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Intel 'hacker' sentence expunged




Intel 'hacker' sentence expunged
Intel 'hacker' sentence expunged



http://news.com.com/Intel+hacker+sentence+expunged/2100-7350_3-6164113.html 

By Tom Espiner
Special to CNET News.com
March 3, 2007

A former Intel contractor has seen his conviction for hacking into the 
company's systems expunged, after a battle lasting more than a decade.

Randall Schwartz had his arrest and conviction for bypassing Intel 
security systems "set aside" at the beginning of February, legally 
giving him a clean slate.

Schwartz was arrested in 1993 after using a program called "Crack" to 
find out the passwords of various former colleagues in the Intel 
Supercomputer Systems Division (SSD). Schwartz had left SSD under a 
cloud, and told the court he decided to crack the Intel passwords to 
show that SSD's security had gone downhill since he had left, and to 
reestablish respect he said he had lost when he left SSD.

In late 1995, Schwartz was convicted of three counts of computer crime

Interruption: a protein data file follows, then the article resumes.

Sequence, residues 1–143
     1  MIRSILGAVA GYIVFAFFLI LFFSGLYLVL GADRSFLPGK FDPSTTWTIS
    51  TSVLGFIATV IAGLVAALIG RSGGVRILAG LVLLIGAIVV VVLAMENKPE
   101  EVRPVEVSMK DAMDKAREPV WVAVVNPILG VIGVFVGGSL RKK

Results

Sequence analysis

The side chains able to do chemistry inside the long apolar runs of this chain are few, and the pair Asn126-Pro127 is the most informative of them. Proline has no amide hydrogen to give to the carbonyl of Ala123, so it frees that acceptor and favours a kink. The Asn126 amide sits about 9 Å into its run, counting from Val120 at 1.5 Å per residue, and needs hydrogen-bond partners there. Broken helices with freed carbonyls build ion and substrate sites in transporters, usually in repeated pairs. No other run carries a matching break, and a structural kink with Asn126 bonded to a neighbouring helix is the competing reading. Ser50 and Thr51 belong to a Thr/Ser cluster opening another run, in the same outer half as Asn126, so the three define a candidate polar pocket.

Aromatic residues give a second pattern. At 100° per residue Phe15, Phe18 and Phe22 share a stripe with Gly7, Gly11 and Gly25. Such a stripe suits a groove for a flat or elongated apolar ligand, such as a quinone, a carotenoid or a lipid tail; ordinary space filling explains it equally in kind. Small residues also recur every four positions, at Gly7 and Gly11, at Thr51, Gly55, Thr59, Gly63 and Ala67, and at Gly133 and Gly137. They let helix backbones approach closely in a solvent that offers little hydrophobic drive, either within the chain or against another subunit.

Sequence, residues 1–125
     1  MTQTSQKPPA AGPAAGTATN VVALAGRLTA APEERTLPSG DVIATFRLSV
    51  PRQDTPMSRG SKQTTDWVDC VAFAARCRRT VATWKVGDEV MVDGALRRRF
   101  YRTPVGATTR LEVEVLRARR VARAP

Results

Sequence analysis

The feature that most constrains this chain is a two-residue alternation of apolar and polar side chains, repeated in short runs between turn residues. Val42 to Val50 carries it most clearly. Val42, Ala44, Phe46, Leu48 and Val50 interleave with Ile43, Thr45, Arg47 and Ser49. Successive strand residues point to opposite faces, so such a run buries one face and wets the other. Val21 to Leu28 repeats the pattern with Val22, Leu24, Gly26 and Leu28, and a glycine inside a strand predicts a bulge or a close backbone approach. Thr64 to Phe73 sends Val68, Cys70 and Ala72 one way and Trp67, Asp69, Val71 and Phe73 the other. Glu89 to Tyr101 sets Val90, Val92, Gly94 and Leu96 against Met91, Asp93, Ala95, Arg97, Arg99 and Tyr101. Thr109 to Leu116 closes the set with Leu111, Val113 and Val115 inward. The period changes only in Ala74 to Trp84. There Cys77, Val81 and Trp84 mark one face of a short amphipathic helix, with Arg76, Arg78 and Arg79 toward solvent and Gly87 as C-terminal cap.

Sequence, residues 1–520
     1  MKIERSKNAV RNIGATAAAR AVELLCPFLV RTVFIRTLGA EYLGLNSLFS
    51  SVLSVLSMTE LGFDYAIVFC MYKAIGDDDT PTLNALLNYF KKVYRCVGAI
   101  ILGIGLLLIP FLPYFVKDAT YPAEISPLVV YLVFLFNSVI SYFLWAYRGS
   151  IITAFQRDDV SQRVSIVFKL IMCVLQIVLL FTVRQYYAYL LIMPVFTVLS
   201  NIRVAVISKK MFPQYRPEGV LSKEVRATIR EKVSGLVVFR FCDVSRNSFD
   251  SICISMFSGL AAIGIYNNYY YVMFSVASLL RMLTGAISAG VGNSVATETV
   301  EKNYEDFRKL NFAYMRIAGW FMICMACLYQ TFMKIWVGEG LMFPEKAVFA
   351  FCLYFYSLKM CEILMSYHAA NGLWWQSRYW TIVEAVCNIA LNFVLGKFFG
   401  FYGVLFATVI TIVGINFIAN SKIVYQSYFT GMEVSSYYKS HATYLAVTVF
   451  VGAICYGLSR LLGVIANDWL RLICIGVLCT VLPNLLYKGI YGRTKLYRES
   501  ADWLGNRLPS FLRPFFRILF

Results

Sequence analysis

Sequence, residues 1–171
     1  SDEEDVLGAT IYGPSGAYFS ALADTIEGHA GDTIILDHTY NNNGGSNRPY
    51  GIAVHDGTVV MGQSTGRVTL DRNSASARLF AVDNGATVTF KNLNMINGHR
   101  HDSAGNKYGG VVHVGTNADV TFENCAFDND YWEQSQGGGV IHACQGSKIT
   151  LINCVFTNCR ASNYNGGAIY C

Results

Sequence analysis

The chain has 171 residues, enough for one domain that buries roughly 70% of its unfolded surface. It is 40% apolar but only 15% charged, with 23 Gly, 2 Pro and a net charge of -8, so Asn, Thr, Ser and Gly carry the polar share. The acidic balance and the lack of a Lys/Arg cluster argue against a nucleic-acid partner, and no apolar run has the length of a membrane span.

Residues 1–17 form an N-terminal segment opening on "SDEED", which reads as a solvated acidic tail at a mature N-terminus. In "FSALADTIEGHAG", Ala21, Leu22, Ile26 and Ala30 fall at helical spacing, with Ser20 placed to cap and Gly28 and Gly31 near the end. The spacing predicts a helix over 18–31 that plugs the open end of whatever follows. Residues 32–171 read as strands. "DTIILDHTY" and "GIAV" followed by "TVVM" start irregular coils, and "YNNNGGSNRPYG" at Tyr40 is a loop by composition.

and ordered to pay Intel $68,000 restitution. His sentence also included 
five years of probation, 480 hours of community service and 90 days of 
deferred (cancelable) jail time. His legal bill exceeded $170,000 by the 
end of 1995.

Schwartz has argued that his conviction was unfair, as he had not 
intended to cause any malicious damage. After an appeal, the restitution 
was dropped in 1999.

In October 2006, Schwartz appealed for clemency from a Democratic 
governor who "had already granted a few pardons," Schwartz explained on 
the Yahoo Tech Groups site. At the beginning of February 2007, an Oregon 
court ordered an expungement of his conviction.

Schwartz said that it will take a while for him to absorb the result.

"Even a few weeks later, I'm still in a bit of shock that I've reached 
this point in this over-13-year journey," Schwartz said. "It probably 
won't fully sink in until the first time I travel freely into Canada, or 
fill out a contractor form that asks the question about criminal 
history, or apply for a Small Business Administration program that was 
formerly unavailable to me."

Tom Espiner reported from London for ZDNet UK.


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